Big Lake is a part of the Sturgeon River subwatershed and fed by many streams in the system. Fertilizers, nitrates and pesticides enter the water system through sewage lagoons, agriculture, and various golf courses both local and upstream.⁷ This has a large negative effect on the water quality of the lake.
The water levels of Big Lake fluctuate naturally but anthropogenic factors can increase this fluctuation making the area a less desirable nesting area for Franklin’s gulls. With development on the floodplain immediately upstream of the lake, flooding has and will continue to increase meaning a stormwater management plan is essential where any development has occurred.⁸ As well, any further development needs to be stopped on the floodplain to protect and preserve this crucial area.
A third impact on Big Lake and, in turn, on the gulls is threats to the biodiversity of the region’s flora and fauna. One of these such threats is the introduction of invasive plants. The main concern for this area is purple loosestrife.⁹ This plant can take a foothold and have large negative impacts on a wetland ecosystem. Keeping this species in check and not introducing it further into the area’s yards and gardens is an important step to protecting the ecosystem. Another stressor to the biodiversity of the area is pollution in the form of waste, light, air, and noise. Due to the proximity of this area to the city of St. Albert all of these come into play. Simple steps like turning off outdoor lights and avoiding the use of single-use plastics bags can help as well as bigger steps such as the local municipalities controlling the noise from the nearby highways and development and avoiding the use of chemicals for pest control and deicing roads.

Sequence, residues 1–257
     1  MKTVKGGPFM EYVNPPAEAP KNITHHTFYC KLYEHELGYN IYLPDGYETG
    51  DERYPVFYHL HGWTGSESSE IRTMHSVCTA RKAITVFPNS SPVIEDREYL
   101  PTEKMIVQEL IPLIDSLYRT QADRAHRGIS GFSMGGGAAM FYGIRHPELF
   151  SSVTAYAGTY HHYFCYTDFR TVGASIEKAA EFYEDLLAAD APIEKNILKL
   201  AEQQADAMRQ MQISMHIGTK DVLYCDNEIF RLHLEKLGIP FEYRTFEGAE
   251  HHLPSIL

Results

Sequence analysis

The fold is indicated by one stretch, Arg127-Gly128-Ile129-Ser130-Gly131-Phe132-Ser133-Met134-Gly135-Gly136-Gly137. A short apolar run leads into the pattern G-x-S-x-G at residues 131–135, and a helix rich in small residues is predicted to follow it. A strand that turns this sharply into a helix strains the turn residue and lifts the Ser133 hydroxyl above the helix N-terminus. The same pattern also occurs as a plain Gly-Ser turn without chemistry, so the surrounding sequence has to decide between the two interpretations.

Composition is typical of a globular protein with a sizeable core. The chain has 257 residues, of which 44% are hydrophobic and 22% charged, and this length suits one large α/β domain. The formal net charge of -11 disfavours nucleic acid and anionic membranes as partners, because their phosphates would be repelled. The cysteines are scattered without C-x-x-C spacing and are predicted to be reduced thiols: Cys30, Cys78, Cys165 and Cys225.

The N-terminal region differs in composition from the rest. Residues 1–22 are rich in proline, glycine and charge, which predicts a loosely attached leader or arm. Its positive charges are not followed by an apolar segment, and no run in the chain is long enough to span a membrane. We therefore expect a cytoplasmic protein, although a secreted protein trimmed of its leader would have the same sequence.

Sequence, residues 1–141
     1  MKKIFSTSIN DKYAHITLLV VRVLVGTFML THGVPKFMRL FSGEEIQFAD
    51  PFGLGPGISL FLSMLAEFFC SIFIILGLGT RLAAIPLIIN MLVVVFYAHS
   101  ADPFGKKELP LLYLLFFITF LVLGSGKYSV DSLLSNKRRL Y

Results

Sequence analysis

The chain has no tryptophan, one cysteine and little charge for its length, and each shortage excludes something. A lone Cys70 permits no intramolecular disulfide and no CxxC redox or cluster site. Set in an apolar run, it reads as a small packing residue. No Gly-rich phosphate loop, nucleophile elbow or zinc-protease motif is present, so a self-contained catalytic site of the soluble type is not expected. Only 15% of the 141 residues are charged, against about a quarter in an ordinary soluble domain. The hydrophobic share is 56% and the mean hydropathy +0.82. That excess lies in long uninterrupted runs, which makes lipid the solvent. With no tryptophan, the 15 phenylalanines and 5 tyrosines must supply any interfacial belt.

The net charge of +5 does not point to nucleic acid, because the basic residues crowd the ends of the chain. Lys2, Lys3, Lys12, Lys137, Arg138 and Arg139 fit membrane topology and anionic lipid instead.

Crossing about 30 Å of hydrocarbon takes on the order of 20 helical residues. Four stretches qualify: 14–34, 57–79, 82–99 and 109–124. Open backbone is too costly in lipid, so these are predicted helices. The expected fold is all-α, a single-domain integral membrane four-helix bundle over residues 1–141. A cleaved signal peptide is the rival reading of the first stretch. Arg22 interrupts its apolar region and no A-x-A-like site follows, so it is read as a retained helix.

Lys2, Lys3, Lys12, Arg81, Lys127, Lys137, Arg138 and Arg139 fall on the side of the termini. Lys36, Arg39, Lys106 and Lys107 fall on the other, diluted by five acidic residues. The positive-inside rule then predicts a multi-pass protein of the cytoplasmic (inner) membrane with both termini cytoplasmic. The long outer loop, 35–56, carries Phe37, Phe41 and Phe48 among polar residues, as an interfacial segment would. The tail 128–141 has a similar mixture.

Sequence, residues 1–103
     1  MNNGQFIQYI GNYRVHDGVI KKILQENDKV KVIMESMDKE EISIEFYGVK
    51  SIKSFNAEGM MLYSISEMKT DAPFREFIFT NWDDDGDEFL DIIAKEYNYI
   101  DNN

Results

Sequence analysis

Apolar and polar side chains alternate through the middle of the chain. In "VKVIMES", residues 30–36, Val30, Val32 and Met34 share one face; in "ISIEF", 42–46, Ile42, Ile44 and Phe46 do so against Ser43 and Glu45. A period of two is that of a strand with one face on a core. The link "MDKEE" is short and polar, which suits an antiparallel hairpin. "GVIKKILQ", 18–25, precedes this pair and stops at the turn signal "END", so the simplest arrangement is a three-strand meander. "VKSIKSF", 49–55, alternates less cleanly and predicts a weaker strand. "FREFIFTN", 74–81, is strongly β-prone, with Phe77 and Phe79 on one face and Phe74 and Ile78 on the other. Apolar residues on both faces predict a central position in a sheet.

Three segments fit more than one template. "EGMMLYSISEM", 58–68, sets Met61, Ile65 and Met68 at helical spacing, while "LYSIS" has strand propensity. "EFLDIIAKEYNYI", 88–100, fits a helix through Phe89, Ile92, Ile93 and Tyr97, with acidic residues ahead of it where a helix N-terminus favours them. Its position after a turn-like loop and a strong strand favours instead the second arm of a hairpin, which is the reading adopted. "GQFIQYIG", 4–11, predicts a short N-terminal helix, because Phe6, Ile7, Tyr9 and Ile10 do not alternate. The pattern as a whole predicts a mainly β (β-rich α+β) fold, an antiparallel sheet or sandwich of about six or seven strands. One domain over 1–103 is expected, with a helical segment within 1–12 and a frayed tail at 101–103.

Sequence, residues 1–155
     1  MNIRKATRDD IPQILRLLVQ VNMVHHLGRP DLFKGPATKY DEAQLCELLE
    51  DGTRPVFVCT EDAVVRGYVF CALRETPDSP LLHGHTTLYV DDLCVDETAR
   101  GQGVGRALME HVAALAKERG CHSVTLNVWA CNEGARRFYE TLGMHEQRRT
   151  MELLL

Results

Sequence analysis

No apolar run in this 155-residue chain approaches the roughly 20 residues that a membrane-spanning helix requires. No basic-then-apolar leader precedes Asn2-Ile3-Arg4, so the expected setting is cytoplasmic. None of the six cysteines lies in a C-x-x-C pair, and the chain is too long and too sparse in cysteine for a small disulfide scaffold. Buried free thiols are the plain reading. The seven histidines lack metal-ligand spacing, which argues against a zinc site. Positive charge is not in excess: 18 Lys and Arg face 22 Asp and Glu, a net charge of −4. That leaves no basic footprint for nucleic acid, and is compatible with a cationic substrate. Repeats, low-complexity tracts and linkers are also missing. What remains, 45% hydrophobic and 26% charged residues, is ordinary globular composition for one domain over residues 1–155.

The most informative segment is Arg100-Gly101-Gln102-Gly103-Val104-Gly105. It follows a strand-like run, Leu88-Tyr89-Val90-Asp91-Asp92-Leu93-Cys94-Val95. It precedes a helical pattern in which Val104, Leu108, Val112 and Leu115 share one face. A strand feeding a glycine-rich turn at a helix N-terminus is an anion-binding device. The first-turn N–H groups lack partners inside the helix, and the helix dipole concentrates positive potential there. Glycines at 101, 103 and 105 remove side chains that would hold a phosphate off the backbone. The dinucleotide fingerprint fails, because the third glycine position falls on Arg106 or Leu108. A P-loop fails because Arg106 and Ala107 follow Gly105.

Big Lake is an extraordinary place and the Franklin’s gulls that inhabit it are equally remarkable. Both the area and the birds, however, are susceptible to anthropogenic threats but if we work to protect this area, the squawks of the Franklin’s gulls will continue to be heard for generations to come as they zip above us in the St. Albert skies.
1. Burger, J. and M. Gochfeld (2020). Franklin's Gull (Leucophaeus pipixcan), version 1.0. In Birds of the World (A. F. Poole, Editor). Cornell Lab of Ornithology, Ithaca, NY, USA. https://doi.org/10.2173/bow.fragul.01
2. Paulson, D.(2012). Franklin’s gull —the half-time seagull. Birdnote. Retrieved from https://www.birdnote.org/show/franklins-gull-half-time-seagull
3. McGraw, K. J., & Hardy, L. S. (2006). Astaxanthin is responsible for the pink plumage flush in Franklin's and Ring‐billed gulls. Journal of Field Ornithology, 77(1), 29-33.
4. Burger, J. and M. Gochfeld (2020). Franklin's Gull (Leucophaeus pipixcan), version 1.0. In Birds of the World (A. F. Poole, Editor). Cornell Lab of Ornithology, Ithaca, NY, USA. https://doi.org/10.2173/bow.fragul.01
5. Lane, B. (2000). Big Lake Important Bird Area Conservation Plan.
6. Federation of Alberta Naturalists. (2007). The Atlas of breeding birds of Alberta: a second look. Nature Alberta.
7. Alberta Parks. (2019). Lois Hole Centennial Provincial Park management plan. Alberta Government.
8. Big Lake Basin Task Force. (2004). Big Lake stormwater management plan. St. Albert Government.
9. Alberta Parks. (2019). Lois Hole Centennial Provincial Park management plan. Alberta Government.